The Egyptian State Information Service has criticized a report from “The Economist” regarding the Suez Canal and other Egyptian affairs, accusing it of violating journalistic integrity and spreading unfounded claims.
The SIS on Monday summoned the correspondent of The Economist to hand him a letter criticizing the report.
In a statement the SIS called on the magazine to abide by objectivity, impartiality and respect the rules of the journalism profession when dealing with Egypt’s affairs, as well consulting concerned authorities to take all opinions and points of view into consideration, as required by the regulations of media work.
The authority refuted the allegations contained in the report, which it accused of repeated uncorroborated accusations while relying on unknown sources.
The Economist published erroneous figures and incorrect data without citing any credible sources, the SIS said.
It also spread allegations and misinformation that betray a lack of proper understanding of Egypt’s actual political, economic, social and cultural situation.
“One of the most important rules of journalism profession is the necessity of mentioning the sources from which the reporter or the writer draws information, especially when reporting facts, data or opinions, as well as being keen to consider the opinion and position of all parties to the issue to impartially cover all points of view,” the SIS statement said.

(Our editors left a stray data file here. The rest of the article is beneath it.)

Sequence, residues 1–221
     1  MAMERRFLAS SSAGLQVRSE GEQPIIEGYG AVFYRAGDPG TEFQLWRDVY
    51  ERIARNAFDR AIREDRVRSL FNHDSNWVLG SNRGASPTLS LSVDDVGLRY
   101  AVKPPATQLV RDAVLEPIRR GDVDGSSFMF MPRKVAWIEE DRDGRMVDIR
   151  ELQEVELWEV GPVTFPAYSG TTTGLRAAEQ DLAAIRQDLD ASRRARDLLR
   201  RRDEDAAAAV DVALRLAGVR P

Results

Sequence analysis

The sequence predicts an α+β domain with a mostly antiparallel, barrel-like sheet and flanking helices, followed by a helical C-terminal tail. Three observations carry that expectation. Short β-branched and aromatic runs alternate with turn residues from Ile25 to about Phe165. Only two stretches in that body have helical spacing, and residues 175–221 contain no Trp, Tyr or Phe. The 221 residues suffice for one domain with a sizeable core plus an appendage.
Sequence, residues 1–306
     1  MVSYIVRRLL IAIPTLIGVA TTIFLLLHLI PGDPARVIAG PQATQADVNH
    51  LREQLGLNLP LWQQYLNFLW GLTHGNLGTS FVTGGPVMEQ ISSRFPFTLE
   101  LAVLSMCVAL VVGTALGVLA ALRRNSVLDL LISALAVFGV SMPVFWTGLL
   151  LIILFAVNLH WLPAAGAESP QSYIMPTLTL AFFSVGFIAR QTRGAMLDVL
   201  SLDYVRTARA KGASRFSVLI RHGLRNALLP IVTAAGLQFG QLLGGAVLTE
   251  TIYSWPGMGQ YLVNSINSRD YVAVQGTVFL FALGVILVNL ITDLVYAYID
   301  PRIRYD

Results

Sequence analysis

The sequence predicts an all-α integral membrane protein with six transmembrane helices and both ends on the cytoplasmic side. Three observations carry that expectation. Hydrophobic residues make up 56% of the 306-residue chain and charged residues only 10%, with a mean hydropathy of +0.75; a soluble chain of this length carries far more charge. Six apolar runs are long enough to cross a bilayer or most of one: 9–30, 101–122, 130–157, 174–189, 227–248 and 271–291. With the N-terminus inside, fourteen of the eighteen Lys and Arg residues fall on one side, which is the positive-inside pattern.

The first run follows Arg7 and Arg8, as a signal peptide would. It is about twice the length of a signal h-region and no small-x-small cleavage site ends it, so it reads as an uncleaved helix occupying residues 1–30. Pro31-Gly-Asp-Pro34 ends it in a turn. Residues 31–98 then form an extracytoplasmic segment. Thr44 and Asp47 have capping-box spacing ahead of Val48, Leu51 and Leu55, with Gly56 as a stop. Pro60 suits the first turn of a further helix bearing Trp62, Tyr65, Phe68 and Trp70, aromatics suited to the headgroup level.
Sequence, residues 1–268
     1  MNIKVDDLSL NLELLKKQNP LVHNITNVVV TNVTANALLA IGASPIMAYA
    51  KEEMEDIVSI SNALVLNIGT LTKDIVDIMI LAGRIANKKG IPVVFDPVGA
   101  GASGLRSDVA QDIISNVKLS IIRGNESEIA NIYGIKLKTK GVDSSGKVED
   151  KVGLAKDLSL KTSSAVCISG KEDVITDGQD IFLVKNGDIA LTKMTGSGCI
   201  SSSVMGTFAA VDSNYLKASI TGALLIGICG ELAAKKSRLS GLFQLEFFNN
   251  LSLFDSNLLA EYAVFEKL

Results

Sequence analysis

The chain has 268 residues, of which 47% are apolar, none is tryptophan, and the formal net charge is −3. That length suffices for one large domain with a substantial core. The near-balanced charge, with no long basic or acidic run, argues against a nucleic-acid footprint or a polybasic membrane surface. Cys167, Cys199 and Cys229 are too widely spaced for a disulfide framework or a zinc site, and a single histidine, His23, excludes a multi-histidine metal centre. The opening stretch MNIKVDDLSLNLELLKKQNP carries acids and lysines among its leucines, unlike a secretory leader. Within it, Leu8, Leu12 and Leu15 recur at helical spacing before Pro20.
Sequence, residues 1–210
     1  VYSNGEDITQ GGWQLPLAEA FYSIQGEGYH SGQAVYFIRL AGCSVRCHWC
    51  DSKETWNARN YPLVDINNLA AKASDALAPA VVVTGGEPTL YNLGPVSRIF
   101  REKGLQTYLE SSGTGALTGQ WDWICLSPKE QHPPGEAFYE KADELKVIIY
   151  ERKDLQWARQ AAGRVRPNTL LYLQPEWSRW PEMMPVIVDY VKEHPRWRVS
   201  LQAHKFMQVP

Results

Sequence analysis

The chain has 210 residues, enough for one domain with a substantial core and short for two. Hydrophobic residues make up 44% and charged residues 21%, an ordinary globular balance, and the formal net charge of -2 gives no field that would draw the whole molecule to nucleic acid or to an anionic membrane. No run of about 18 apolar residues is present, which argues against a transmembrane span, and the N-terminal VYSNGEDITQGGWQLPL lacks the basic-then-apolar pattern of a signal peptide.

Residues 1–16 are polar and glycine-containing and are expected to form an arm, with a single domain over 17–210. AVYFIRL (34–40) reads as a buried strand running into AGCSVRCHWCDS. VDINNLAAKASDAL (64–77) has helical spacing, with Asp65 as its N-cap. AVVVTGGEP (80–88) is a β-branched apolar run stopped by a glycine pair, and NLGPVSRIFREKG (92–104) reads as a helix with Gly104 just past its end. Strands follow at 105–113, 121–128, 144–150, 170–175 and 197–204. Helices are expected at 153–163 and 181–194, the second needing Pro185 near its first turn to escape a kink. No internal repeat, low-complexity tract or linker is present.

“The Economist report is considered partial, biased, offensive and a deliberate distortion. It does not consider any Egyptian party to seek the precision of data and information the report contained before publishing.” it added.
The statement noted that The Economist report cited 13 sources for information, including one well-known Lebanese researcher, and quoted an uncorroborated opinion, while the 12 other sources are completely unknown.
The SIS accused the author of the report as setting himself up as expressing the will of the Egyptian people and speaking on their behalf without utilizing any real source to properly support this.
Instead he attributed his claims to vague general expressions such as: “Most Egyptians see – Egyptians fear – more than half of Egyptians are more discontented- It is being whispered that Egypt may lease the Suez Canal, and so on.”